In the last year or so, my local Argos store revamped its shop and became more technology friendly, but it’s a shame it did not consider its disabled customers and the issue of accessibility.
Many high street stores have been attacked for their lack of access as many don’t have ramps, induction loops or even lifts, but what happens when you can enter the shop but you are unable to do any shopping? Well, this is what happened to me when I went to my local Argos store.
When I entered the shop, I realised that all orders are made via a tablet computer system which are not only placed on high level tables but for someone with circulation problem, touch type is quite a struggle. Luckily I had my mother with me who helped or rather placed the order on my behalf.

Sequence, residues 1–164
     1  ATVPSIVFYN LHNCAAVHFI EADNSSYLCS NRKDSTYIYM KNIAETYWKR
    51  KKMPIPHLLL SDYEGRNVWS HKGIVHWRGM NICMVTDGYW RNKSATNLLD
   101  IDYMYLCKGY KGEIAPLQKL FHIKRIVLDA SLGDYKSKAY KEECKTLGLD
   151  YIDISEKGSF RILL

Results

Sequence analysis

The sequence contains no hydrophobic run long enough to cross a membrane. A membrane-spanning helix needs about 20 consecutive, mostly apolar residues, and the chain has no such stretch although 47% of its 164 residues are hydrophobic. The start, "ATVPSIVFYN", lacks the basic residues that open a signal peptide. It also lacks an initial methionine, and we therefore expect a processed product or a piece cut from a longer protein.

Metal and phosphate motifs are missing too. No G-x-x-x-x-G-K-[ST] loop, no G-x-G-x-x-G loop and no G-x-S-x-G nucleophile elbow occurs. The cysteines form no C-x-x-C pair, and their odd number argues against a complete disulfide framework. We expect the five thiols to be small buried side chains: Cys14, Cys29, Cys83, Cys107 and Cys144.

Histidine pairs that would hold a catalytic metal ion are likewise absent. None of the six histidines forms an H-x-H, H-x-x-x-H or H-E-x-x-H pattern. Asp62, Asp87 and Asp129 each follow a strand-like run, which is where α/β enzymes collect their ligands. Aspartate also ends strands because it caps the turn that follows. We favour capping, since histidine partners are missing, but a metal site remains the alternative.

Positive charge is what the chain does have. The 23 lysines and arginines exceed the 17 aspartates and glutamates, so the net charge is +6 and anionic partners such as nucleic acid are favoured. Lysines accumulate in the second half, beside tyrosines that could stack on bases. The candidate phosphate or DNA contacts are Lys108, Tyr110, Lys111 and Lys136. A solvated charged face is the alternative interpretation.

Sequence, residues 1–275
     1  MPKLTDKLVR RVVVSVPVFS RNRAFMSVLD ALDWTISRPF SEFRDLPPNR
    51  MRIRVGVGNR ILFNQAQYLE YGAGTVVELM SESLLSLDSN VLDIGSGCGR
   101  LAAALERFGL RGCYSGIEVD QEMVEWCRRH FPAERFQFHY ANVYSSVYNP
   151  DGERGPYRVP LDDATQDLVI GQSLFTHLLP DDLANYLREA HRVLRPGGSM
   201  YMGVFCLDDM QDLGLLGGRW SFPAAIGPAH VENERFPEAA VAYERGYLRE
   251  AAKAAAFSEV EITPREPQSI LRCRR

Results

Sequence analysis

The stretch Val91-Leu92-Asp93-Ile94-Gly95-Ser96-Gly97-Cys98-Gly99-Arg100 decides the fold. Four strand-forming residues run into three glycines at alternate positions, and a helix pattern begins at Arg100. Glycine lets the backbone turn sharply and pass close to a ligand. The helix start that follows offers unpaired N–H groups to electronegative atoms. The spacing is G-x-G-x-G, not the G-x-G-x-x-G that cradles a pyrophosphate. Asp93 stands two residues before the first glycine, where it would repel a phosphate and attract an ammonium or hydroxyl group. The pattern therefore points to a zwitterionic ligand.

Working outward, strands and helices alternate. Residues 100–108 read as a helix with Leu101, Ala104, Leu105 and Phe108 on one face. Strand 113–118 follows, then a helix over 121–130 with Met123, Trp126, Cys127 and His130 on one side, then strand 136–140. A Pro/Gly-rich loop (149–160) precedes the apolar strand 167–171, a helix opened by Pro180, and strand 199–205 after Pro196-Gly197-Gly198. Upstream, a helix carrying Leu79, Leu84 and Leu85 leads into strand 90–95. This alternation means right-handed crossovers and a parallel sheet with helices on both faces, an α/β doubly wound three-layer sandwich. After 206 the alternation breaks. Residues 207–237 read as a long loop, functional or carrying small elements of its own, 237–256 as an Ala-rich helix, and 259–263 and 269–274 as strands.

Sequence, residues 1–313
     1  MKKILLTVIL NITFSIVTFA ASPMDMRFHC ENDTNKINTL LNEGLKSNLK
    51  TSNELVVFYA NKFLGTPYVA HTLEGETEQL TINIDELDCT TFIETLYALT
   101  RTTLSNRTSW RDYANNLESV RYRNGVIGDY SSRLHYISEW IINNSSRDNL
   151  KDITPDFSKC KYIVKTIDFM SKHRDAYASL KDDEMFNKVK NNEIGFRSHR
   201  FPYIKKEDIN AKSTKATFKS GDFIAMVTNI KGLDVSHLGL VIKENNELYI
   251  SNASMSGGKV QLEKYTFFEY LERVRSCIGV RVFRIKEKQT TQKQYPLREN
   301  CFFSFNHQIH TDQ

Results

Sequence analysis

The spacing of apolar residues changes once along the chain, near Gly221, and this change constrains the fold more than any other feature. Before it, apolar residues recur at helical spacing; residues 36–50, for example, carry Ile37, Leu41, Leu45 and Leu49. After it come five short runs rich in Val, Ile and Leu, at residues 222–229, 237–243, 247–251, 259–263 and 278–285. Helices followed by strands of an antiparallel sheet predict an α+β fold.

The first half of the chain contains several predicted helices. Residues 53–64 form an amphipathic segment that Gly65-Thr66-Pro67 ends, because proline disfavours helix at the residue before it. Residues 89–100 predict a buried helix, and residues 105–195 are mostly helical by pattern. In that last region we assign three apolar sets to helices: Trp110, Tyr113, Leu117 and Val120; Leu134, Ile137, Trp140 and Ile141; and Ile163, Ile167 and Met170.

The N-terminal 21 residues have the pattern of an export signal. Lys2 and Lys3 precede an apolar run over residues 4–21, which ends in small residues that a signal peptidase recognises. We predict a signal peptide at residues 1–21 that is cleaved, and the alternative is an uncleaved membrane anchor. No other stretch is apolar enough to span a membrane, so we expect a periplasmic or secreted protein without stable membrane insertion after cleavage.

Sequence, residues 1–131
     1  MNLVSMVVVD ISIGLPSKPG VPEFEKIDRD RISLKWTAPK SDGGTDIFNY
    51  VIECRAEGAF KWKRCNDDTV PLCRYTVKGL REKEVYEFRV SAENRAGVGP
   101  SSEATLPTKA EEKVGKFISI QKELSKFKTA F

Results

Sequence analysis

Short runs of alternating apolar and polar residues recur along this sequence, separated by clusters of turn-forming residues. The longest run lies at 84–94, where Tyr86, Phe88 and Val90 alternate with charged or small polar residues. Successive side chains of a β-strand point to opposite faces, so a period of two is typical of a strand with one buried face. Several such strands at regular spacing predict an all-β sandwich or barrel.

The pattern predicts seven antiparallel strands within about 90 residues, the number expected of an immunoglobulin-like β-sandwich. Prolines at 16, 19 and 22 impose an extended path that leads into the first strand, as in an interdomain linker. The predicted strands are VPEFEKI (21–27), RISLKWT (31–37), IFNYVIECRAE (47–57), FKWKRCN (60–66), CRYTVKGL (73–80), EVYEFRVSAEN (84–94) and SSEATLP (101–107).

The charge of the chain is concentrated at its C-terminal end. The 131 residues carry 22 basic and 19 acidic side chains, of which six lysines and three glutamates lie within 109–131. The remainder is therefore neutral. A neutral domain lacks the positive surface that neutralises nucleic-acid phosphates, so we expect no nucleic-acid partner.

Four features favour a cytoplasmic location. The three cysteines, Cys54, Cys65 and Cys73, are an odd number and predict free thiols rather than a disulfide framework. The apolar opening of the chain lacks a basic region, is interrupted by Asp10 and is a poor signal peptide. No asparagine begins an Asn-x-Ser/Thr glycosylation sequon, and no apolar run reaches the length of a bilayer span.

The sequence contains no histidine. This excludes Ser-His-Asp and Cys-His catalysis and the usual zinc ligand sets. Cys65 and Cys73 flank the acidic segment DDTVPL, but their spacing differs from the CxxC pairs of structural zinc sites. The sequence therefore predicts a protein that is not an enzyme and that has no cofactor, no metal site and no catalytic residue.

I wanted to complain, but I felt that the answer would be ‘our staff will be more than happy to help’; this is all very well but how relaxing will the shopping experience be? I would be anxious at the thought that someone is helping me browse and I will be under pressure to make a decision and buy something.
Before leaving the store, I wanted to check how accessible it was for all disabled people and not just wheelchair users. As far as I could see, there was no induction loop for people who use hearing aids, and the tablet that customers order from does not have a magnified keyboard, in fact my mother struggled to see most of the keys and I had to guide her.
Often accessibility conversations focus on access to enter a shop, but not so many examine what happens once you are inside. It is a shame that in 2017 Argos decided to bring its stores up to date with modern technology and advance itself but seemingly failed to take a similar initiative towards its disabled customers, as though we don’t matter despite the fact that we are paying customers too.
By Raya Al-Jadir